Nebraska trio backing South Dakota measure to go nonpartisan - Open Primaries
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Posted by Russell Daniels on May 11, 2016 at 3:36 PM

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Nebraska trio backing South Dakota measure to go nonpartisan

This article was written by Dirk Lammers for Rapid City Journal 

SIOUX FALLS, S.D. (AP) — Three Nebraska state legislators with South Dakota ties are lending their voices of support to a South Dakota constitutional amendment that would remove candidates' party affiliations from primary and general election ballots.

Nebraska has a nonpartisan, one-chamber legislature, in which Republican and Democratic candidates run against each other in primaries and the top vote-getters advance to the general election. If passed by South Dakota voters on Nov. 8, the measure championed by former Democratic U.S. Senate candidate Rick Weiland with help from the non-profit Open Primaries would adopt a similar system for state House and Senate seats and other statewide offices.

Nebraska Speaker of the Legislature Galen Hadley, a Republican, says that state's system has worked well for nearly 80 years, and it shouldn't be foreign to South Dakota voters because they already use it in municipal elections. There are no party caucuses, so instead of party leaders telling party members how to vote, bill sponsors have to round up 25 "Yes" votes in order to get their legislation to pass.

"It becomes their bill, and they're basically the one that has to build a coalition," said Hadley, a former University of South Dakota business professor and dean.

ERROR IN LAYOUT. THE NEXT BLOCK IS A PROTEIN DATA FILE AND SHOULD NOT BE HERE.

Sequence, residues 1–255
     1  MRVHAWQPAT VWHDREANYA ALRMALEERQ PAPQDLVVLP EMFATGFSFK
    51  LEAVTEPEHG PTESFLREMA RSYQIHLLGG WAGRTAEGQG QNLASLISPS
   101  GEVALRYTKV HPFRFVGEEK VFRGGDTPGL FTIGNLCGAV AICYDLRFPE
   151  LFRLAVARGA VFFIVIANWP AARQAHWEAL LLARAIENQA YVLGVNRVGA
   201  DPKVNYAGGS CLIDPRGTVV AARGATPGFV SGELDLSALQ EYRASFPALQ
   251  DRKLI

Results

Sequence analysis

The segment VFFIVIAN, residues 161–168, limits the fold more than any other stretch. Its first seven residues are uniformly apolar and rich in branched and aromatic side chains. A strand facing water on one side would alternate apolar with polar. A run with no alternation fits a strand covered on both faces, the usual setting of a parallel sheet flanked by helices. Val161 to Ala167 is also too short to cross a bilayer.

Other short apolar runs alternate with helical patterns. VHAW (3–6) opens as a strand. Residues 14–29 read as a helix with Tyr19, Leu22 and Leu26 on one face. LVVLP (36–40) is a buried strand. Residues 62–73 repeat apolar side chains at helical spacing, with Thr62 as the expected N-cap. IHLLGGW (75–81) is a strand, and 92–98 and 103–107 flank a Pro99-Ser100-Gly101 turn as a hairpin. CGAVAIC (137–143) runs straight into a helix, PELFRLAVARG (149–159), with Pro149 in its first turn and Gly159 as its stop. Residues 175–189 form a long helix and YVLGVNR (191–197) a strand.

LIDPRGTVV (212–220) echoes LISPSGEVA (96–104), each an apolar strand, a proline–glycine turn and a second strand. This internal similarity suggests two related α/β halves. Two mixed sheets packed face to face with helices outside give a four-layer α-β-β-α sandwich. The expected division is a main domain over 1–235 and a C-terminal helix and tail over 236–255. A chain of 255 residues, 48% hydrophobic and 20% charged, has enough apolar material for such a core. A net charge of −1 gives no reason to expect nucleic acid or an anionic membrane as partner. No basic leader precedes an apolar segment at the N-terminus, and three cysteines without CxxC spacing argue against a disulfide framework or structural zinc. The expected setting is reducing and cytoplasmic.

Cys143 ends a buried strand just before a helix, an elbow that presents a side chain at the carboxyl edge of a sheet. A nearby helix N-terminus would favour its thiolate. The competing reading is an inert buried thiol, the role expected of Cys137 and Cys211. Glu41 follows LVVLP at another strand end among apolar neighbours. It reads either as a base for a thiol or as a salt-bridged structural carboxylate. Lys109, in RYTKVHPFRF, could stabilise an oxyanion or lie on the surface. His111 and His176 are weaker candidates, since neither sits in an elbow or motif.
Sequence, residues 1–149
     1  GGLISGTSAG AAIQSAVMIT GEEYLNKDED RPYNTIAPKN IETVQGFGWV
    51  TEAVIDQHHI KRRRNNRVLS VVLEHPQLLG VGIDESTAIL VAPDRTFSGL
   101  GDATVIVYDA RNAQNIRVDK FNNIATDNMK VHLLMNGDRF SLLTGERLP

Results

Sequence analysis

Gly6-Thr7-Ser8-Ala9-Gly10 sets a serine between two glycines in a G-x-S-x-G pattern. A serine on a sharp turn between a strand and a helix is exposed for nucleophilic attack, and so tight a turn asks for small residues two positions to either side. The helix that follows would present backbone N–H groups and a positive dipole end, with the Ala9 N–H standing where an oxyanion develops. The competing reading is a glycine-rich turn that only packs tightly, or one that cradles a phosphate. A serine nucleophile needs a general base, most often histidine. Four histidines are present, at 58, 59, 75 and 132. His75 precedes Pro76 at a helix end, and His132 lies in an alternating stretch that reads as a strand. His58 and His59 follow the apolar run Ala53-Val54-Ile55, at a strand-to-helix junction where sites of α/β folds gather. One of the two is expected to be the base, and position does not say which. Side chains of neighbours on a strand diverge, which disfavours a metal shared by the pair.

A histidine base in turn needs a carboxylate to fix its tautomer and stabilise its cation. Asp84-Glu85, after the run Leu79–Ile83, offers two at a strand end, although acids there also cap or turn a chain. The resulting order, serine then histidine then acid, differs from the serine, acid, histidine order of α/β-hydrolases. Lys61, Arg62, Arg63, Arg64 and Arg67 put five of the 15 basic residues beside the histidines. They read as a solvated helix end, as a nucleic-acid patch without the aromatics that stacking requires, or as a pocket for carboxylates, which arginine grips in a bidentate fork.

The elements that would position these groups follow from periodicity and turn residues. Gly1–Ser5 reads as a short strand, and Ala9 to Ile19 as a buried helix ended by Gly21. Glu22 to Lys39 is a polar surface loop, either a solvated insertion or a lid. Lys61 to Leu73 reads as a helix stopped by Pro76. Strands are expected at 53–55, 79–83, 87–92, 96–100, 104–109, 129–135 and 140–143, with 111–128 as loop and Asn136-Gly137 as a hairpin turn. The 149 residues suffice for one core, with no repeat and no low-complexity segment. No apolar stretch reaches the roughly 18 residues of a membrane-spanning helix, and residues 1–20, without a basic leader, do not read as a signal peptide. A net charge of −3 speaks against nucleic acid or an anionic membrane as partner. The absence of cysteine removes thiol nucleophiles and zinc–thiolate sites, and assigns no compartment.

The South Dakota Republican Party opposes the measure.

Ryan Budmayr, the party's executive director, said removing candidates' party affiliations from election ballots strips away transparency and denies voters relevant information.

"Party label lets voters know where candidates stand on significant issues," Budmayr said.

The South Dakota Democratic Party has not taken an official stance on the ballot measure, and party chairwoman Ann Tornberg declined comment on the issue.

Nebraska Sen. Adam Morfeld, a Democrat who attended Sioux Falls' Lincoln High School, said Nebraska's system is more inclusive because it doesn't lock independent voters out of the primary system.

"It's less about the parties and more about the ideas," Morfeld said.

Nebraska Sen. Colby Coash, a Republican who has been in office for eight years, said the growing segment of independents in his district required him to court Republicans, Democrats and Independents if he wanted to win and keep his seat. So when Coash was sworn into office, he carried the voices of all voters, he said. Those who win a party primary but have no real opposition in the general election carry just their party's voice.

"It breeds a lazy candidate," said Coash, who grew up just south of the South Dakota-Nebraska border. "If you run for office and you're out there talking to voters, and your race is over nine, 10 months before you're sworn in, you've got no reason to go out and connect with the people who sent you there."

Jon Schaff, a Northern State University political science professor, said voters' default choice on ballot measures is typically no, as many choose the status quo on complicated issues. But a the measurable frustration with the so-called "business as usual" in national politics, evidenced by their support of non-establishment candidates such as Donald Trump, Ted Cruz and Bernie Sanders, might give the initiative a fighting chance.

"It's just a matter of how riled up are the people and do they see that as a carrier of that anger," Schaff said.

Weiland, who has gathered support from Democrats, Republicans and Independents, thinks the measure has a shot in the current political climate.

"There's a tail wind," Weiland said. "People are looking for something different."


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